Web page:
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Insights from the CEO of a billion-dollar revenue business who leveraged the procurement playbook to deliver >10% savings


Mr. Elliot Zimmer was onboarded by the PE investors of Oregon Tool to turnaround the business performance. As part of his turnaround strategy, Mr Zimmer deployed a procurement improvement workstream focussed on improving margins across the vended finished goods.

Oregon Tool sourced these goods from >200 suppliers spread across >15 countries across USA, Europe, and Asia. The project addressed >30 diverse product categories in the forestry, and lawn & garden space including grinders, files, trimmers, trimmer lines, oil and lubricants, protective clothing, and engine maintenance parts.

Mr. Zimmer, an ex-consultant himself, is no stranger to executing procurement playbook by coupling inhouse procurement teams with external consultancy. PE backed portfolio companies often leverage this option because of its low risk, high-ROI, minimal capital commitment profile.

In this rapid interview, we asked him three questions to capture his perspective on the programme, and to capture his learnings around the critical success factors that he would like to share with other business leaders considering similar interventions.


1. What were the challenges that Oregon Tool was facing, when you decided to seek external consultancy support?

The business was a bit in disarray as we were changing strategies. The strategy put in place about three years back had run its course, and we were financially under stress. Also, going through COVID, the organization had lost a lot of legacy knowledge. And with this background, the challenge was lack of understanding of how vended products played a role for Oregon Tool, in both its top line, as well as what we were spending on and how we were managing the suppliers for vended products. While there were some pockets of excellence across the sourcing team, overall, improvement was required to understand the core of our  business, our spend, our supply base, or really how it fits with our business strategy.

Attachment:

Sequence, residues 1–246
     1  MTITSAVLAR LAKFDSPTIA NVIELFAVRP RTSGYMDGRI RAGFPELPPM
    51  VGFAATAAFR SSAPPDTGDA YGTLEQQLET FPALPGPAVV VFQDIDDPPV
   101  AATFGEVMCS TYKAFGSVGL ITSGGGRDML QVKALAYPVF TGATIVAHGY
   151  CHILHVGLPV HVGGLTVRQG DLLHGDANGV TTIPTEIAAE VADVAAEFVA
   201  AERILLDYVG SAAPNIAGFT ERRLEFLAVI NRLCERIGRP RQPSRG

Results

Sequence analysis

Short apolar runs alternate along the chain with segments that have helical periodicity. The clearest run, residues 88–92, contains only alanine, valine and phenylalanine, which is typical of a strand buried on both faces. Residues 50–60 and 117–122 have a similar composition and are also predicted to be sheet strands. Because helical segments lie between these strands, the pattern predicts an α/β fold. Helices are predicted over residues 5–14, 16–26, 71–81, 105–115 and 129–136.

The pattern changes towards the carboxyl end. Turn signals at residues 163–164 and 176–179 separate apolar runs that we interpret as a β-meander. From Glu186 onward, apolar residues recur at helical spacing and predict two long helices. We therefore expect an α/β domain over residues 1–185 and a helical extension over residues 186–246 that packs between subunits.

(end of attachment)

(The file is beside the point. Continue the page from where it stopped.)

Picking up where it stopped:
You came as a referral from our PE investors. But as impressive beyond just the referral, you were doing some work with us and Tarun, you specifically came into my office and you weren’t rude about it, but you also didn’t take no for an answer. You got to my office, got on my  whiteboard and quickly laid out the kind of the structure that I was used to seeing when you frame up what we spend our money on, where it comes from, and then how you go out about the approach to really control that spend and begin to manage that spend. So, I could tell very, very quickly that you all understood what good looks like when it comes to delivering strong procurement.

2. Great, and did the programme deliver in line with the expectations?